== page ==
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Name: Gutenberg

Location: Somewhere near the Golden Gate Bridge.

Occupation: BRPR (Bunrab public relations.)

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February 9-18, 2009


go to next week's blogs


  Wednesday, February 18, 2009

Now that aluminum water bottles are de rigueur in the Bay Area, Oakland airport security garbage cans filled full bottles of Calistoga have been replaced by a mad scramble of travelers to dump water into the gutter outside in a vile vial attempt at security. While we all know that it is really a bananas effort to pump up sales at the captive audience canteen. Fruit + water = $4.32:

With a handful of exceptions, Joachim Splichal owns all of the restaurants in Los Angeles. There’s Patina, Patina at Disney Concert Hall:

...the Pinot restaurants, Nick and Stefs, eat. and all the rest.

I grabbed lunch at Patinette:

... his cafe at the MOCA:

... in downtown Los Angeles. The Kurabuta pork panini ($5.00):

... was their take on a Cubano with pork, ham, cheese, yellow mustard and pickles. It was a good, crunchy-crusted, soft bellied, double pig sandwich (and an incredible bargain compared to airport snacking.)

On my way back to the street, a sculpture:

... offered an invitation to avoid aviation but I declined this upright and lockheed positioned air craftwork warning and braced for another round of security scrutiny.

Patinette Cafe at MOCA

250 South Grand Ave.
Los Angeles, CA



  Tuesday, February 17, 2009

Gerald Hirigoyen’s Piperade had a dining room that was as full as our stomachs as we rolled out into the chilly San Francisco air from this evening’s Basque-inspired feast.

We began with tender calamari on a bed of minced fennel, olives and capers topped with almonds ($12.00):

... followed by goat cheese stuffed piquillo peppers ($13.00):

... with added textural interest from pine nuts and sweetness from golden raisins.

Their recommendation of the 2004 Ijalba Crianza Graciano, Rioja went perfectly with the procession of provisions.

A terrine of ham and cheese ($13.00):

... was not sheepish on flavor. This crispy, salty slice was balanced by an frisee and apple slaw.

Clams, cranberry beans, thin slices of chorizo and a few seabeans al-clamized a crisp-skinned filet of Bolinas black cod ($28.00):

... which was cooked to a moist perfection.

Perfectly pink duck ($26.00):

... nested in shaved sunchokes with cippolini onions. A halo of huckleberry sauce gave a nice fruity and acidic balance to the richness of the meat.

Rack of lamb and lamb sausage with braised fennel and potatoes ($29.00):

... sated our meat tooth before we moved onto our sweet tooth with a warm, moist and rich chocolate cake snowcapped with creme fraiche ($8.00):

... and a Gateau Basque ($8.00):

... with a custardy belly to its almond cake, served with cherry preserves.

If donuts could turn into clouds, these would be the result - orange blossom beignets ($8.00):

... were light, greaseless and rolled in sugar to precipitate re-orders of this citrus-kissed cumulus comestible.

We were impressed by Chef Robert Petzold’s consistent delivery of perfectly cooked and seasoned proteins and the wonderful perfume that proceeded our demolition of his preparations.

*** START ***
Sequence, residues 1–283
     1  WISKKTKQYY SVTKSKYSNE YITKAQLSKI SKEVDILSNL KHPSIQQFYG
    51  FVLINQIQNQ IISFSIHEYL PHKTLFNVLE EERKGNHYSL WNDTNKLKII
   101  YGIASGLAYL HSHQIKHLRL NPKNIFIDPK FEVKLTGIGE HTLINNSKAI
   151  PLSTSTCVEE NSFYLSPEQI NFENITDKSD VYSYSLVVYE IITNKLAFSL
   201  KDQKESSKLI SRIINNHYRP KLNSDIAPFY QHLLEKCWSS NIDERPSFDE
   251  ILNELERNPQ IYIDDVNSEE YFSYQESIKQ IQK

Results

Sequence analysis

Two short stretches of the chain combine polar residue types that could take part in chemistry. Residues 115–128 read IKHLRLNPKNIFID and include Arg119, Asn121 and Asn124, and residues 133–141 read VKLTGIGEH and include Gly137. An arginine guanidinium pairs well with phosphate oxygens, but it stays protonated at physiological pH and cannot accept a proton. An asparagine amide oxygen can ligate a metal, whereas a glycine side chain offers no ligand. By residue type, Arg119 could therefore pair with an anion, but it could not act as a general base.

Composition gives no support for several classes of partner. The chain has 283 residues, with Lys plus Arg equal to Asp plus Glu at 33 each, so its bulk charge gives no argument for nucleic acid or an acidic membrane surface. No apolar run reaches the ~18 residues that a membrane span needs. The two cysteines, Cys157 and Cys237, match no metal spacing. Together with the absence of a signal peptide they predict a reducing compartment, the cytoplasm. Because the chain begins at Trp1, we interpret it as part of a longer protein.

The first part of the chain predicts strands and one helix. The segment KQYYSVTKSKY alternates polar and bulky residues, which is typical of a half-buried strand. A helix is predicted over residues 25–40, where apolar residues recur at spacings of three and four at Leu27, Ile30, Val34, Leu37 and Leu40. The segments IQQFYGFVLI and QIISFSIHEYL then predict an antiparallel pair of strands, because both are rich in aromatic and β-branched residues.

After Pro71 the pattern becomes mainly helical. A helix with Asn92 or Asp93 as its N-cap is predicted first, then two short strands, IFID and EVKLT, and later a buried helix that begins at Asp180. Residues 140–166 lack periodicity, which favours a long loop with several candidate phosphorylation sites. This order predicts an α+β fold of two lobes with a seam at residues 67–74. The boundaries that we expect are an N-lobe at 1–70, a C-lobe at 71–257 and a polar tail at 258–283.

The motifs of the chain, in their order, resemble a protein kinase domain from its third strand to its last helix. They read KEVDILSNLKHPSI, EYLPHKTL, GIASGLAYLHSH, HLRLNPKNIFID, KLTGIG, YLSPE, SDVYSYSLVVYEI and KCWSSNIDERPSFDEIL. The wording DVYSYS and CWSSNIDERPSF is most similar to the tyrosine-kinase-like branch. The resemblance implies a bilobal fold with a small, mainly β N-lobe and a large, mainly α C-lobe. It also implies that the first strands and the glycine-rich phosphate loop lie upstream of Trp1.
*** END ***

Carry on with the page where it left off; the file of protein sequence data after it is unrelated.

It’s great to see a San Francisco restaurant filled on a Tuesday night but it’s not surprising given this level of food and service.


1015 Battery St.
San Francisco, CA



  Monday, February 16, 2009

Marinitas is the current talk-eria of San Anselmo. This hermana restaurant of Insalata (located just up the street) retained the full bar:

... from the ill-fated EAT and Ted’s but switched up the decor and chow.

The house made chips arrived hot, crisp and craveably salty with a tomato and a tomatillo salsa:

Both were good, but we preferred the green tomatillo for its tang.

We shared the classic ceviche ($8.50):

... which had little scallops, shrimp, avocado, lime, red onion and a cocktaily sauce over a booster seat of shredded lettuce. It was okay, but not a reorder.

The crispy chicken tacos ($9.75):

... had bits of potato melded in with the melted cheese. Watercress added a freshness to these fried, crisp edged half moons. These were texturally good, but were a little bland for our taste.

House made tortillas wrapped around lightly grilled cod ($11.75):

... were topped with a seedy cabbage slaw. These were tasty but are diners ready to spend money on a food that has a long standing categorization as cheap in this economy?

No matter how Marinites spend their masa money, the bar will keep people coming through the door with its good price points, friendly staff and cool altar:

218 Sir Francis Drake Blvd.
San Anselmo, CA



  Sunday, February 15, 2009

Texture is important in candy. Savoring creamy, brittle and chewy confections appeals to the sweet toothed masses, but there is only one time of year that the American market is flooded with sweets that are chalky. Conversation hearts:

... have this text-ture to their printed pastel pulmonary products which are emblazoned with random commands and declarations that usually solicit a “huh?” rather than the promised conversation.

Hunger for knowledge (rather than chalk-candy) keeps them flying off the shelves. You’re curious if they’ve updated the “FAX ME” to “tweet” so you take a look, but the words are small enough that you have to pick one up to read it and since you’ve touched it, you are compelled to eat it. Marketing brilliance.

We sated our crumbly confection craving with some old fashioned divinity: